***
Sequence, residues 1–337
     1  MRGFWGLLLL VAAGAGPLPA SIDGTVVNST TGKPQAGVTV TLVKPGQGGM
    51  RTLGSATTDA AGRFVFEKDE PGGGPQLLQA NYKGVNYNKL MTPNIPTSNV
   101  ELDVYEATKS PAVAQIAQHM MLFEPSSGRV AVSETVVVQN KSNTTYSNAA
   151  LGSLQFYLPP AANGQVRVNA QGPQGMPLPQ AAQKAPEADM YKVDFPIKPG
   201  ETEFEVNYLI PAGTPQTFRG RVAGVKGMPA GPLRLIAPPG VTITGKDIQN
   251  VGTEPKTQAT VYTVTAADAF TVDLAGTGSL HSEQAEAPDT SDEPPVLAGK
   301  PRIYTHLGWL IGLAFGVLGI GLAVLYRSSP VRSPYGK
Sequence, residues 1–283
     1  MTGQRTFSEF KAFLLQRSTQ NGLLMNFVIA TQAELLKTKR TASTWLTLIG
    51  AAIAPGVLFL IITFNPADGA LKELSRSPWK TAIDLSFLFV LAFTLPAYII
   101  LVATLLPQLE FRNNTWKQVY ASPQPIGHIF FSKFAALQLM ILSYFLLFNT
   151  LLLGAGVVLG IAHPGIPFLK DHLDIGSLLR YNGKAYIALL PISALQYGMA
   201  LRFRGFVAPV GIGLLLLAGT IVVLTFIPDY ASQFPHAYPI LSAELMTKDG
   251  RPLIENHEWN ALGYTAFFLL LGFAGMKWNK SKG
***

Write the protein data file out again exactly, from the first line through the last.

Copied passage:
Sequence, residues 1–337
     1  MRGFWGLLLL VAAGAGPLPA SIDGTVVNST TGKPQAGVTV TLVKPGQGGM
    51  RTLGSATTDA AGRFVFEKDE PGGGPQLLQA NYKGVNYNKL MTPNIPTSNV
   101  ELDVYEATKS PAVAQIAQHM MLFEPSSGRV AVSETVVVQN KSNTTYSNAA
   151  LGSLQFYLPP AANGQVRVNA QGPQGMPLPQ AAQKAPEADM YKVDFPIKPG
   201  ETEFEVNYLI PAGTPQTFRG RVAGVKGMPA GPLRLIAPPG VTITGKDIQN
   251  VGTEPKTQAT VYTVTAADAF TVDLAGTGSL HSEQAEAPDT SDEPPVLAGK
   301  PRIYTHLGWL IGLAFGVLGI GLAVLYRSSP VRSPYGK
Sequence, residues 1–283
     1  MTGQRTFSEF KAFLLQRSTQ NGLLMNFVIA TQAELLKTKR TASTWLTLIG
    51  AAIAPGVLFL IITFNPADGA LKELSRSPWK TAIDLSFLFV LAFTLPAYII
   101  LVATLLPQLE FRNNTWKQVY ASPQPIGHIF FSKFAALQLM ILSYFLLFNT
   151  LLLGAGVVLG IAHPGIPFLK DHLDIGSLLR YNGKAYIALL PISALQYGMA
   201  LRFRGFVAPV GIGLLLLAGT IVVLTFIPDY ASQFPHAYPI LSAELMTKDG
   251  RPLIENHEWN ALGYTAFFLL LGFAGMKWNK SKG